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Thursday, 7 May 1970

Mr REID (Holt) - I wish to raise a matter which concerns me and, I am sure, the general public. Pilots employed by Qantas Airways Ltd again unjustifiably stopped work last week. The reason given is (hat they are being victimised and that their superannuation claims have not been met. I am sure there are few people who would sympathise with them. Their latest exercise shows complete contempt for the travelling public. I strongly condemn their actions. After all, pilots are well paid. A senior Boeing 707 pilot receives a guaranteed minimum salary of $18,700 per annum and works fewer hours than anyone else for it. [ am sure thousands of ex-Royal Australian Air Force pilots have read with complete disgust of the recent strike for increased benefits. If pilots are to receive greater remuneration it is reasonable that they should put in a greater effort for it. Pilots should realise that they are not the only ones who accept responsibility. There are many people who have far greater responsibilities at nowhere near the salary which pilots draw. With all of the modern navigational and safety aids available in aircraft a pilot's responsibility has been considerably reduced in the last 10 years. Further strike action by Qantas pilots must considerably reduce their prestige and would just about bring them into the same category as engine drivers.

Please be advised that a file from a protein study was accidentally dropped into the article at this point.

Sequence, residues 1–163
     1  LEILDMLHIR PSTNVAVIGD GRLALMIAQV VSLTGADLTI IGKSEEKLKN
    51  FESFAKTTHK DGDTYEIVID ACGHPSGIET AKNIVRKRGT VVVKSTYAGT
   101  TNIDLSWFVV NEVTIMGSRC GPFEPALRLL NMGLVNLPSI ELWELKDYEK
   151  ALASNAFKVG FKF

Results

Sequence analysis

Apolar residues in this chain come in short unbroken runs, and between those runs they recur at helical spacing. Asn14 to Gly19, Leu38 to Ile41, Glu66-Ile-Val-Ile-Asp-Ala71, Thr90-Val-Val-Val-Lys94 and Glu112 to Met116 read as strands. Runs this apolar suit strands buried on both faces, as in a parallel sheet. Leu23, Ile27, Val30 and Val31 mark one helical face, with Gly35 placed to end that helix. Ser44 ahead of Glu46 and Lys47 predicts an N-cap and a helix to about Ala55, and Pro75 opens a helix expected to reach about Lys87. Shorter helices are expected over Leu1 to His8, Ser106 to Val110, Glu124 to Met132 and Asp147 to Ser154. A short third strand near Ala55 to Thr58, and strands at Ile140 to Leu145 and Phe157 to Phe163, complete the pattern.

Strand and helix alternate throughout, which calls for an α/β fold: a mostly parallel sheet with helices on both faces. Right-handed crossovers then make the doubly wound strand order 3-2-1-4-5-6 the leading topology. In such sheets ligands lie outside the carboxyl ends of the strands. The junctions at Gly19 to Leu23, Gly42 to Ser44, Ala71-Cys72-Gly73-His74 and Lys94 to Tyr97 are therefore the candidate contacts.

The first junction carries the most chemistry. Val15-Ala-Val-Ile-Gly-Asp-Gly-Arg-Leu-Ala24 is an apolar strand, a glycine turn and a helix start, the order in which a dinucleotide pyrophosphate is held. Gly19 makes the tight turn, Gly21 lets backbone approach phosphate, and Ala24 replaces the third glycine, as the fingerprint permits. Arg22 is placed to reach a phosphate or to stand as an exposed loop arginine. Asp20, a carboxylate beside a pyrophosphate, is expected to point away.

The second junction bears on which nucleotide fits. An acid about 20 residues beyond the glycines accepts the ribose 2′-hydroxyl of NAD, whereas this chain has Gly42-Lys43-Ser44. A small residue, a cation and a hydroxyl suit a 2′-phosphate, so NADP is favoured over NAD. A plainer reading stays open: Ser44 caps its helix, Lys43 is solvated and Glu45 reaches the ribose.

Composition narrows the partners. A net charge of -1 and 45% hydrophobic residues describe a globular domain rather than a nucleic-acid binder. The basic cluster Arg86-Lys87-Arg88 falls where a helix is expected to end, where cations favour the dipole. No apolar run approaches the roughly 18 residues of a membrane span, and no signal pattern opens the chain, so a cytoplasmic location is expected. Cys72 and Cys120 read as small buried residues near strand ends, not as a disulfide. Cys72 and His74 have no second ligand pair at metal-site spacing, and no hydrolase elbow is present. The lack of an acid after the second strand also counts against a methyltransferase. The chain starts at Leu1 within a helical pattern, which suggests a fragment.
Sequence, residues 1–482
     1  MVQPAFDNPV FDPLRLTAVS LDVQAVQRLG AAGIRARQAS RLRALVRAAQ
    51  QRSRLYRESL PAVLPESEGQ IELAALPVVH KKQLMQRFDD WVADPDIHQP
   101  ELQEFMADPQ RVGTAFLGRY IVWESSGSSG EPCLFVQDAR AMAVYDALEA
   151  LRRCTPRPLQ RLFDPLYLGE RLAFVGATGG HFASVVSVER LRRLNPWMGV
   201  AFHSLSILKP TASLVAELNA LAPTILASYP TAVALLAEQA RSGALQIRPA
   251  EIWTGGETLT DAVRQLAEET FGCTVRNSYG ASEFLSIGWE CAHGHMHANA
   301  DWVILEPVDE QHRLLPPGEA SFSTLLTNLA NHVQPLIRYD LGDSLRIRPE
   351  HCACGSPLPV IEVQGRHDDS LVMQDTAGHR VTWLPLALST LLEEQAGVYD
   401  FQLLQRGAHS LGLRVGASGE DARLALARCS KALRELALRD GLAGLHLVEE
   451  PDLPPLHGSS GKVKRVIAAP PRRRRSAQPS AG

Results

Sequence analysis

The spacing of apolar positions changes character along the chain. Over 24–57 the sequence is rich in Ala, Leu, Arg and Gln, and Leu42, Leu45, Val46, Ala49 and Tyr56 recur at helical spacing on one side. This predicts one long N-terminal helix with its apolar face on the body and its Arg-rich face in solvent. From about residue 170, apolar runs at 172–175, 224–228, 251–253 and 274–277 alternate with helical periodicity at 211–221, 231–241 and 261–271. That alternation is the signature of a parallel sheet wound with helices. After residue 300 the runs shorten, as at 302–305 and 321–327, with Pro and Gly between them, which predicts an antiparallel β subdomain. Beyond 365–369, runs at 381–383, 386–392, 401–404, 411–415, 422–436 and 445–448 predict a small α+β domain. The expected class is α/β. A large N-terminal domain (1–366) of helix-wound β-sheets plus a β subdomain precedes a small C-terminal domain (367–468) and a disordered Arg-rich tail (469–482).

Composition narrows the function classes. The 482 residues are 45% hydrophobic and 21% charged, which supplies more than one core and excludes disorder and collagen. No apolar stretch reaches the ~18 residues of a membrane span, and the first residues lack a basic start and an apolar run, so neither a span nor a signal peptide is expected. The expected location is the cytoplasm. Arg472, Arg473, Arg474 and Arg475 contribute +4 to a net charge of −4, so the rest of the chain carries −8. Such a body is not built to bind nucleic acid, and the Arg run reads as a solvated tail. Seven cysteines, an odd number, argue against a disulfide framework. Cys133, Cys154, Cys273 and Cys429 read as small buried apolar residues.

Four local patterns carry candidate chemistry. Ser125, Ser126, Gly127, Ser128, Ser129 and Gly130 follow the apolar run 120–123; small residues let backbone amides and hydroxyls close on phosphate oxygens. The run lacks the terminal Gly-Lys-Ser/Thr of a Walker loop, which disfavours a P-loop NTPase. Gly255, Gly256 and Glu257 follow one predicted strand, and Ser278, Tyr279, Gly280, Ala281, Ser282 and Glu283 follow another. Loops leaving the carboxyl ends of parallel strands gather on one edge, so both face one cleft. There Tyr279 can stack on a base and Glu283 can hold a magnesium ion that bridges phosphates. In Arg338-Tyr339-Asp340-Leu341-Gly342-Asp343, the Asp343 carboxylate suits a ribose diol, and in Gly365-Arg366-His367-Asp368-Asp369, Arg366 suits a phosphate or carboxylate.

Mr Bryant - What is wrong with that? What is wrong with engine drivers? There is 1 in the Chair now, namely, the honourable member for Corio.

Mr REID - I might add - supporting the honourable member's remarks - that engine drivers also accept responsibilities. The Qantas pilot strike in 1966 cost $13m and any such repeat performance could be disastrous to our national airline. It would certainly not enable the airline to introduce cheaper fares for the travelling public; this is what the pilots should be working towards. If pilots take further strike action Qantas should consider cancelling its order for Jumbo aircraft, purchase a fleet of second-hand Constellations and make the pilots earn their money. We cannot afford such luxuries as strikes today, particularly from such a privileged group as pilots, whilst so many millions of people throughout the world need succour. The position in many overseas countries where some 10,000 people die each day from hunger and neglect is appalling, and far more must be done to help these impoverished people. The point that I am making here is that the Qantas pilot strike in 1966, which cost $13m, would probably have fed 100,000 people in India for 6 months. I think it is about time pilots realised they are a privileged group and should endeavour to look a little beyond their own self-interests. I am sure I speak for the majority of the public in condemning the unjustifiable strike last week.

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